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Short Duration: Picking up yield and minimising risk in an uncertain world

  • 28 July 2020 (10 min read)

Key points

  • At the height of the market crisis in March, we saw a highly unusual ‘bear flattening’ of the credit curve
  • While credit markets have largely recovered since then, the yield curve is still flatter than it was pre-COVID-19, providing an attractive entry point for investing in short-dated bonds
  • We believe pockets of value remain and short duration approaches offer the potential to enhance risk-adjusted returns in this uncertain environment

An unprecedented period for fixed income

When COVID-19 took hold of global markets in March, fixed income investors were dealt a blow, with the sterling corporate bond market experiencing its worst ever monthly excess and total returns (-7.86% and -6.95% respectively) – an even bigger decline than at the peak of the global financial crisis in 2008.

The short-end suffered particularly badly, with credit spreads widening significantly more than at the long-end. The result - a ‘bear flattening’ of the credit curve - meant the short-dated bond market suddenly yielded investors as much as the all-maturities market – an unusual scenario, given that credit curves are usually upward sloping. A few factors have contributed to this, including the fact that the market started to price in an irrationally large number of defaults/impairments in March, and a negative technical as short-dated bonds were sold before longer-dated bonds in order to raise liquidity (short-dated bonds are generally more liquid and therefore easier to sell).

While credit markets have largely recovered since then, resulting in the shortest bear market ever in credit markets, the yield curve has not reverted to its former state – it is still flatter than it was pre-COVID-19, meaning that today is still an attractive entry point for investing in short-dated bonds.

What’s changed?

New issuance
In recent months, we have seen record levels of new issuance across the board, but particularly in US dollars and euros. Sterling issuance has remained underwhelming so far, as lots of issuers (including UK ones) decided to issue in euros and US dollars to benefit from more liquid markets and lower funding costs.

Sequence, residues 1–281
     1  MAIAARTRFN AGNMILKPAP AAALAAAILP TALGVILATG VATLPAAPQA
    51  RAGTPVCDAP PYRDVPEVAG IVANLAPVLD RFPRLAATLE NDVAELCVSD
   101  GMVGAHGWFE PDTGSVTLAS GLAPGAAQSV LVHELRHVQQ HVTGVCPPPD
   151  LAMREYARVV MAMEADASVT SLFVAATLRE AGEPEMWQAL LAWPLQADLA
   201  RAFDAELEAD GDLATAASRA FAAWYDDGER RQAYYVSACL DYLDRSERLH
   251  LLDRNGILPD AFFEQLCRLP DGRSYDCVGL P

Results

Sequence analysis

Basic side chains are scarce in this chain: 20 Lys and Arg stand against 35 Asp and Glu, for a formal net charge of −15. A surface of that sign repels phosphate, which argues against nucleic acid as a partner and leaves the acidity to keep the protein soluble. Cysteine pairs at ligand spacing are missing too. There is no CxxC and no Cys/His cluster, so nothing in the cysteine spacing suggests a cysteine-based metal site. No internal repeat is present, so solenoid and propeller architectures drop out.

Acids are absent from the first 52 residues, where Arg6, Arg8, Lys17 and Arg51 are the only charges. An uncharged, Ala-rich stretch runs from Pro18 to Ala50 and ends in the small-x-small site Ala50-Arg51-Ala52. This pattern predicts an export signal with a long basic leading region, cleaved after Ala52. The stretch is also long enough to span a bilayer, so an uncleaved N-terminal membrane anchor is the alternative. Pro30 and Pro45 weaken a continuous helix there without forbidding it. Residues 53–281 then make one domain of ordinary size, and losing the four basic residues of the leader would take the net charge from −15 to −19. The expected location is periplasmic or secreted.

Improved liquidity
Liquidity dried up somewhat at the start of the pandemic, but even in March we didn’t see the lows reached in 2008. The help of central banks has been key in supporting markets; the Bank of England, European Central Bank and US Federal Reserve have all been very active in buying corporate bonds, resulting in a significant improvement in liquidity in recent months.

Fallen angels
In the near future, it is likely that we will continue to see a larger-than-usual number of ‘fallen angels’ in the credit markets, as some of the weaker BBB rated names are downgraded to BB and therefore classified as high yield.

However, given the severity of the pandemic, the level of fallen angels thus far has been lower than expected, thanks to the unprecedented support from central banks and governments worldwide; and those that have occurred have been relatively efficiently absorbed by markets.

Outlook for short-dated bonds

The reality of COVID-19 is that we cannot say whether we are over the worst or on the brink of a second wave. Moreover, all advanced economies are forecast to be in recession this year. Yet markets have been so heavily propped up by monetary and fiscal support that they barely reflect this.

With the outlook remaining so uncertain and valuations having recovered a long way, we are not taking a blanket approach to adding beta risk, but rather focusing on specific pockets of value that have lagged the recovery thus far. For example, within investment grade, we focus on companies with robust balance sheets that are in cyclical sectors currently out of favour and, as such, have missed out on the recent recovery.

In summary, while it is true that spreads have tightened significantly since their March highs, the flatness of the curve provides an attractive entry point to buy short-dated bonds. This, combined with our ongoing search for pockets of value, can help investors enhance their risk-adjusted returns in this uncertain environment.

AXA IM’s short duration bond strategies

AXA Investment Managers offers a range of short duration strategies that aim to provide a variety of outcomes.

Our short duration strategies generally invest in bonds with maturities of five years or less and seek to capture high current income with low overall volatility. The result will be portfolios with a duration that is generally below three years.

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